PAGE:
Q+A: Thailand’s escalating color-coded crisis

By Martin Petty

BANGKOK (BestGrowthStock) – Thousands of demonstrators prepared to rally on Friday in support of Thailand’s embattled government, a day after at least one person was killed and scores wounded in grenade attacks that shook Bangkok’s business district.

A group calling itself “multi-colors” said more than 50,000 people would rally in the city’s historic heart to demand rival “red shirt” demonstrators end a six-week protest they say is hurting the people and holding the economy hostage.

Thailand has had color-coded protests for years — mainly by the pro-government “yellow shirts,” and the “red shirts” who are sympathetic to ousted prime minister Thaksin Shinawatra.


They wear any color to the their protests — hence, the name. But they are virulently opposed to the red shirts, who they accuse of causing violence and damaging the local economy. They have held small protests demanding that red shirts encamped in their city go home.

Analysts say their rally could further inflame tensions in the capital. It is technically illegal under Bangkok’s state of emergency, but the government is allowing it, despite fears they might provoke rival demonstrators.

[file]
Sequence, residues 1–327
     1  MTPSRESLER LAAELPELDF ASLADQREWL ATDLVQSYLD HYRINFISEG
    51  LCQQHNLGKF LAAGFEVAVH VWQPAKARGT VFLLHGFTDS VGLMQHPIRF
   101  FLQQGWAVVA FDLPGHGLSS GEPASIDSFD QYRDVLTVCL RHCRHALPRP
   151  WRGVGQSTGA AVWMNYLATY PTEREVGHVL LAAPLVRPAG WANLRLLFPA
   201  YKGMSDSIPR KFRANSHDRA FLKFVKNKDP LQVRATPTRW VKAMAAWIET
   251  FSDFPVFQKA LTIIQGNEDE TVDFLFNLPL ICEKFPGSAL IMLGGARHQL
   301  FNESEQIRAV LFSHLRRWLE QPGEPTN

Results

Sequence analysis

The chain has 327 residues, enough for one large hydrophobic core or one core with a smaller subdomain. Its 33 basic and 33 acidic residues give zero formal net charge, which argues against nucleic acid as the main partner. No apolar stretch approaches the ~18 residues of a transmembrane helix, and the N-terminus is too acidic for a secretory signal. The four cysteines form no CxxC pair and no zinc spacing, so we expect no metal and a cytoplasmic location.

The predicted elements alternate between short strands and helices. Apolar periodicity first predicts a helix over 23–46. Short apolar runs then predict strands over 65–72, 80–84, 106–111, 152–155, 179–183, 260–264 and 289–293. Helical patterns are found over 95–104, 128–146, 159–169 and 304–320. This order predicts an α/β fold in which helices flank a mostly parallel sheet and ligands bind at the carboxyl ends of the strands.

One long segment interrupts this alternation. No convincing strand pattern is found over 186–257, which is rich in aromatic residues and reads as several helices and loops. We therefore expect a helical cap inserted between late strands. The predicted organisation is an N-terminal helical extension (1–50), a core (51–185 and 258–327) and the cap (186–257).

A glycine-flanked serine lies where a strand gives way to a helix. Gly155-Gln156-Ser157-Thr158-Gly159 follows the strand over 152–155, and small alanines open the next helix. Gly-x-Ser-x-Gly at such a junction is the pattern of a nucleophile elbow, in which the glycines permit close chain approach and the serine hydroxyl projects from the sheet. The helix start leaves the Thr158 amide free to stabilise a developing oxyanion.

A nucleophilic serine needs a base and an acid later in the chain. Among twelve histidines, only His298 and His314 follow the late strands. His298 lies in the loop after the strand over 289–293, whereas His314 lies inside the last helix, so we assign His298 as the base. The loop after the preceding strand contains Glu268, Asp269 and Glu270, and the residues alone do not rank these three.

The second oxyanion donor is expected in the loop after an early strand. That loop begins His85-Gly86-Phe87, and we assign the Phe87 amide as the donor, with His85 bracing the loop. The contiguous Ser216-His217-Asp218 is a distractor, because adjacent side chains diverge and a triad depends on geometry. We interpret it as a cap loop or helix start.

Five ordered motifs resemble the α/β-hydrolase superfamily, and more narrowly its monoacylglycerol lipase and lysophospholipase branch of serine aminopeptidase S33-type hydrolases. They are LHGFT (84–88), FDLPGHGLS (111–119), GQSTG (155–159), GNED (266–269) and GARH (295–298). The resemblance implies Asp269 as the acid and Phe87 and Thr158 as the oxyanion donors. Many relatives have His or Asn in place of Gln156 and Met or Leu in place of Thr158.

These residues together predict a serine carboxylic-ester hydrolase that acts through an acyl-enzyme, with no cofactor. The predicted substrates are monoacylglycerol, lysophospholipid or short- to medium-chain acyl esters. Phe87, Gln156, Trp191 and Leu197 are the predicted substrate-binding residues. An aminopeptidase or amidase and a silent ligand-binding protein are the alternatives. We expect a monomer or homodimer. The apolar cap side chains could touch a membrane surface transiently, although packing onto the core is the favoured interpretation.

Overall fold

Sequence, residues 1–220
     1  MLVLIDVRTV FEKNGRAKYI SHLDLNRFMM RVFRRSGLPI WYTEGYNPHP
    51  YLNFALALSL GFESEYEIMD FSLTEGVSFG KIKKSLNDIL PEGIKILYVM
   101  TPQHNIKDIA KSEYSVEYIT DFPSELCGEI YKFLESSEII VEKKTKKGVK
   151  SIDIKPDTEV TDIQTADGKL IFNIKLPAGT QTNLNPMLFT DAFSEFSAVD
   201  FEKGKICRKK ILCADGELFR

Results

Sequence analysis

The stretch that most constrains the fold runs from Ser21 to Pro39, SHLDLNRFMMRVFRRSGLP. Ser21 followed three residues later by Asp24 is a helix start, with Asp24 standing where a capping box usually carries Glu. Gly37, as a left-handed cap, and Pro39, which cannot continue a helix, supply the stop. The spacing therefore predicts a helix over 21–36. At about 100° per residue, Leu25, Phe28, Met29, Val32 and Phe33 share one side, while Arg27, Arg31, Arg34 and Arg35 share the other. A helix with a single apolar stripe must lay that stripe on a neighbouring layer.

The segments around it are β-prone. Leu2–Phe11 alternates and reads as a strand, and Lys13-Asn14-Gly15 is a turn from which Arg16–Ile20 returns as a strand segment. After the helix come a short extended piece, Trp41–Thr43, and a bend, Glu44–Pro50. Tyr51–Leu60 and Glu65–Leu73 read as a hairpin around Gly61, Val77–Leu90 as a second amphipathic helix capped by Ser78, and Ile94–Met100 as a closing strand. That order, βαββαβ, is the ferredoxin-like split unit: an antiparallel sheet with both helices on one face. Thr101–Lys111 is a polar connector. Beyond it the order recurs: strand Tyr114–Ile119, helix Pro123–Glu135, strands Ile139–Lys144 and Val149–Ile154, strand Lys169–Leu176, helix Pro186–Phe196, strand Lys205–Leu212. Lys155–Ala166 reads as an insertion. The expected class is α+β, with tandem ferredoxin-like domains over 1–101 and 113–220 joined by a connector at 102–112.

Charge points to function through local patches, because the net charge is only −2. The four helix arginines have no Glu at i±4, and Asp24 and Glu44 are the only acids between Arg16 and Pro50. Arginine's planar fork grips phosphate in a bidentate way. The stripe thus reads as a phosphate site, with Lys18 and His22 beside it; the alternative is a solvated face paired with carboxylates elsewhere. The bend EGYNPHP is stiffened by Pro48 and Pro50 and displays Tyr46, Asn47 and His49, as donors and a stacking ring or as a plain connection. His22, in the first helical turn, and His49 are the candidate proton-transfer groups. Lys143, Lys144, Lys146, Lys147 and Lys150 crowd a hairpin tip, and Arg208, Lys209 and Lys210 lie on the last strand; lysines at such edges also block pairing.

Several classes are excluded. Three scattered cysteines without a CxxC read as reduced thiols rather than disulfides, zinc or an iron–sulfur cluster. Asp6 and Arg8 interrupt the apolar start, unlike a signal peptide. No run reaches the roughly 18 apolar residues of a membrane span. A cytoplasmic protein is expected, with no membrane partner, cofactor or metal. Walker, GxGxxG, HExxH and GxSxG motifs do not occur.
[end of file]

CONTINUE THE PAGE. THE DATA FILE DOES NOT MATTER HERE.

Many of those injured in Thursday’s grenade attacks were “multi-colors” who had taunted red shirts camped out just 50 meters (165 ft) away from them in the ebusiness district. The group is generally viewed as the “yellow shirts” under a different brand.


The People’s Alliance for Democracy represents royalists, businessmen, and the urban middle class, who are opposed to Thaksin and his populist movement. They took to the streets in 2005 to oust the twice-elected Thaksin, alleging massive corruption and disloyalty to King Bhumibol Adulyadej. Yellow is the color associated with the 82-year-old monarch.

The well-funded “yellow shirt” protests led to a 2006 bloodless coup. When a pro-Thaksin party was elected in army-organized polls, they blockaded government buildings for 193 days in 2008 and helped bring down two prime ministers.

Their biggest victory came when they took over Bangkok’s airports for eight days in late 2008, a siege that ended with a judicial dissolution of the pro-Thaksin People’s Power Party, and paved the way for Abhisit to take power. They have stayed on the sidelines since then. They plan to meet on Monday to discuss holding their “biggest ever” rally.


They say they represent the rural poor and urban working class who resent interference in politics by powerful unelected elites — the judiciary, big business and top military generals.

The “red shirts” say Abhisit’s government came to power in an army-brokered deal in parliament in December 2008 and, therefore, is illegitimate. Their protests show no signs of waning.

Some 15,000 of them have been camping out for weeks in central Bangkok in a self-contained, makeshift village surrounded by posh malls and luxury hotels. They have barricaded the entrances to the encampment with truck tires, paving stones and bamboo poles.